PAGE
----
The NGO debate – is shipping doing enough to decarbonise?

"If we knew how we could accomplish this by tomorrow, we would do it," promised Lars Robert Pedersen, Vice Secretary-General of BIMCO. On the fifth and last discussion panel an NGO spokesperson confronted leaders from the maritime industry. For the first time the general public was admitted to an SMM conference event. Daniel Chatterjee, Director Technology Management & Regulatory Affairs at Rolls Royce, expressed his conviction that suppliers were not to be blamed because the technology was mature and readily available. "The maritime industry has switched from steam to oil, and the next transition will lead from oil to something else," said Chatterjee. The key question was which fuel will ultimately prevail. "We believe that methanol will be the new fuel. We must drive the development, and governments must ensure a level competitive playing field."

As for the kiss-me Aida fleet, said Hansjörg Kunze, VP Communication at AIDA Cruises, the programme is on schedule: For example, AIDAprima was recently retrofitted with a 10-megawatt battery, in his words the largest battery storage system deployed in the passenger shipping segment to date. "We want to deliver answers. We want to show what we are doing."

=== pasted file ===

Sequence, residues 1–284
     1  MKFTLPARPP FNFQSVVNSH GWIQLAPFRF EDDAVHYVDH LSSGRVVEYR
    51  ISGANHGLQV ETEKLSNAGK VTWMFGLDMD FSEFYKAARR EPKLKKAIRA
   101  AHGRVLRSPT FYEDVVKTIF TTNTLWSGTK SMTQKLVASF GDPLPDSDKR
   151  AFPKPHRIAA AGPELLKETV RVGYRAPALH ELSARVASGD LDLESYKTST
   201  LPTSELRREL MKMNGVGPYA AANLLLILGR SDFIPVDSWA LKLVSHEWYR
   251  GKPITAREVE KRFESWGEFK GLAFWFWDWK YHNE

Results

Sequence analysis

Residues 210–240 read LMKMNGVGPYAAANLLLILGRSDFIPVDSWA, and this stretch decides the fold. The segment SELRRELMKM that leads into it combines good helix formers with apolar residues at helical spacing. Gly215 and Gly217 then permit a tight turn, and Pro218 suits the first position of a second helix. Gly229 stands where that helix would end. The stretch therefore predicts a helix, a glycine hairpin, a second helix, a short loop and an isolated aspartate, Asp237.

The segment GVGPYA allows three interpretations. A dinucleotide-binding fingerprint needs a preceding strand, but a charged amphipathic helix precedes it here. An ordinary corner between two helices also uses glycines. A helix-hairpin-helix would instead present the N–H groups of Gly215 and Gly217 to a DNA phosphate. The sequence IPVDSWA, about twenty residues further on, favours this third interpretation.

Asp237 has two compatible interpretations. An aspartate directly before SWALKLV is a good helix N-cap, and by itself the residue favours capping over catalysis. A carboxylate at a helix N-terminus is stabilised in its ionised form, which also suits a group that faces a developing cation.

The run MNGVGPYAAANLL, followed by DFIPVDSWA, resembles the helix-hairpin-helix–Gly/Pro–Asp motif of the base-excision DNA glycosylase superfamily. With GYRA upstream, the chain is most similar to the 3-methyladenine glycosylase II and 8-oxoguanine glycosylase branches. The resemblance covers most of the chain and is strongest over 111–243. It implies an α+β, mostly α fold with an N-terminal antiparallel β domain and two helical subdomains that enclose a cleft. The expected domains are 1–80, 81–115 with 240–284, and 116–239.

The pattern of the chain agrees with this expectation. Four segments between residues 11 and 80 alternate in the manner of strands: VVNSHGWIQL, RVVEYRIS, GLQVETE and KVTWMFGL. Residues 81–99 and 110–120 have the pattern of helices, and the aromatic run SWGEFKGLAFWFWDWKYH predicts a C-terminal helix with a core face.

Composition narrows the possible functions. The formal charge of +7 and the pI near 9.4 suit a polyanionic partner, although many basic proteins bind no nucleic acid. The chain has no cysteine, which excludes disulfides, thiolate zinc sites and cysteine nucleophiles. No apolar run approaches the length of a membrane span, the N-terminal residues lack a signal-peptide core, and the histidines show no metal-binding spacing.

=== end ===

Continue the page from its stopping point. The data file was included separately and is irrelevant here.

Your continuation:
Sönke Diesener, Transport Policy Expert at the German Environmental NGO NABU, noted that the cruise industry cannot hide its "dirty work", no matter how hard it tries: "We can see it in every sustainability ranking." Nevertheless, he did give the segment some credit, saying: "A lot of media attention focuses on the cruise segment, but this is only part of our discussion. We are talking about the entire shipping industry and the need to decarbonise." He could tell, he said, that things have been changing in the sector: "We are moving in the same direction – some faster, some more slowly." But the shipping industry, generally rather slow to act, needs to pick up speed, he stressed. Referring to the previous panel discussion, Diesener asked: "If we are able to reduce emissions by installing sails on ships today, why isn't everybody doing it?"

There can be no doubt: The shipping industry is headed for decarbonisation but could accelerate its pace. There are enough good ideas around that would enable it to achieve its goals sooner, as the environmental conference and many exhibitors at the trade fair have demonstrated. Reason enough to look forward to the next gmec in two years and hear about the progress made in the meantime.